The Voyage: Roz Savage
Day 6: Hanging in there
26 49.74'N:20 16.43'W
05 Dec 2005

My usual view

6 Dec, 05 - 20:46

Latitude: 26° 49' N
Longitude: 20° 16' W
Miles from La Gomera: have given up trying to work this one out - see for official figure
Miles to Antigua: my GPS makes it 2320

One week into the race, and it's been a real emotional rollercoaster. From seasickness and doubt in the first 24 hours, to quiet contentment as I established a disciplined routine for life on board; from consternation over the watermaker and lack of electric power, to a sense of satisfaction as I resolved the technical problems; from endorphin-induced euphoria as I rowed powerfully through the night, to glum depression this afternoon as grinding pain in my right shoulder blade led to early abandonment of my rowing shift.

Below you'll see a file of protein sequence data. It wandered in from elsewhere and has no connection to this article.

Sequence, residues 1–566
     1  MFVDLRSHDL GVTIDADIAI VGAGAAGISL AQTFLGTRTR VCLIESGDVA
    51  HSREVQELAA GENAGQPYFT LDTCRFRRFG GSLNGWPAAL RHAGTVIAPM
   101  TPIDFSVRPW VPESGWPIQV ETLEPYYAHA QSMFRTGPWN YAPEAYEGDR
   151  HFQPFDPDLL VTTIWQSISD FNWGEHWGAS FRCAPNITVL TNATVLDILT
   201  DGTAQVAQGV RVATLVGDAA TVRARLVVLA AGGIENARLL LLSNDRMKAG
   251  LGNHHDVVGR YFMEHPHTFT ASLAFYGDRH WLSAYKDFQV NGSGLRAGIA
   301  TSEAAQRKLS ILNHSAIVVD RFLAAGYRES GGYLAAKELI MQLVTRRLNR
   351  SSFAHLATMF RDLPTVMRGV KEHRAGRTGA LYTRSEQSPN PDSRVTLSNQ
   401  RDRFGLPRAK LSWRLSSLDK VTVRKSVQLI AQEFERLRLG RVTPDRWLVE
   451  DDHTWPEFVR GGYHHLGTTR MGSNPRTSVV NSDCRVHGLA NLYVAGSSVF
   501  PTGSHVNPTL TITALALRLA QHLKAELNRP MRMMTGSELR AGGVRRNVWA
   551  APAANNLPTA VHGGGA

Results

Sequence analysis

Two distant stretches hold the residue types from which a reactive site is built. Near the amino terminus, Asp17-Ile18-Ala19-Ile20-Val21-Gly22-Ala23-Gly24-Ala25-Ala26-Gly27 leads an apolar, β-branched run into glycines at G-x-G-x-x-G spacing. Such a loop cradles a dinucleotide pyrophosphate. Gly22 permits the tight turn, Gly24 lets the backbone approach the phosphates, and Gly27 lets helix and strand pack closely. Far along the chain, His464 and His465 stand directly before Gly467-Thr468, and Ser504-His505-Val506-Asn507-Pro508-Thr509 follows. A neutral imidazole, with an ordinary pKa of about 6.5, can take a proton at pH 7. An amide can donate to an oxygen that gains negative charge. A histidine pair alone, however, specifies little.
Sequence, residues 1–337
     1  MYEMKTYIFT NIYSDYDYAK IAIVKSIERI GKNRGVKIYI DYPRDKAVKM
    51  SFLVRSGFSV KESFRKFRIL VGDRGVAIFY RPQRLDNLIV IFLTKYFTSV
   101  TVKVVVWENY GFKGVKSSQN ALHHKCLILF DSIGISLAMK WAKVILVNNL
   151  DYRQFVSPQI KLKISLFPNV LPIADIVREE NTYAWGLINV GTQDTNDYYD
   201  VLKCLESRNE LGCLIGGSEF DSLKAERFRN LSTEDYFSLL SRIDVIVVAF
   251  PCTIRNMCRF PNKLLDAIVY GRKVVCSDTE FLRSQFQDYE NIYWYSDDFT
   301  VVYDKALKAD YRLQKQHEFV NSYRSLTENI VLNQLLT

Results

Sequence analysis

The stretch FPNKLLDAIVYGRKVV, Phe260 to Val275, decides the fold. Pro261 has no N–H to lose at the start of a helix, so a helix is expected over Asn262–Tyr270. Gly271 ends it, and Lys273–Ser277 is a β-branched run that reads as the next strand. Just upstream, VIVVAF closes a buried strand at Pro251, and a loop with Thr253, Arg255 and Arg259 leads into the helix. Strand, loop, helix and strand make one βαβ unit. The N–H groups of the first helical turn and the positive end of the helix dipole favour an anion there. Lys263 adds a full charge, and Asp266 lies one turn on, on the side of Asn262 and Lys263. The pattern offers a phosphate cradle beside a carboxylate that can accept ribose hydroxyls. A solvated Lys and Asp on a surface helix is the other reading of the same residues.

I knew the first week would be the hardest, and I can only hope that the worst is indeed over. At times it's been only my utter conviction that I can and will do this thing that has kept me going.

Grrr, I hate sounding negative. Other people have done much tougher things than this. But I haven't, and there have been many moments when I've wondered if I am up to it. But I'm still here, still hanging in there, and not only that, but I'm not far off the pace. Chris Martin, the only solo male, and I have been swapping places at the back of the pack for the last few days, and we're not far behind the hindmost of the pairs. This is encouraging.

Nature Watch

People have been asking what wildlife I've been seeing. The answer, until today, was diddly-squat. I'd seen no whales, the dolphins were a no-show, and even birds were few and far between. The only visible wildlife was a small pink homo sapiens of the Savage variety.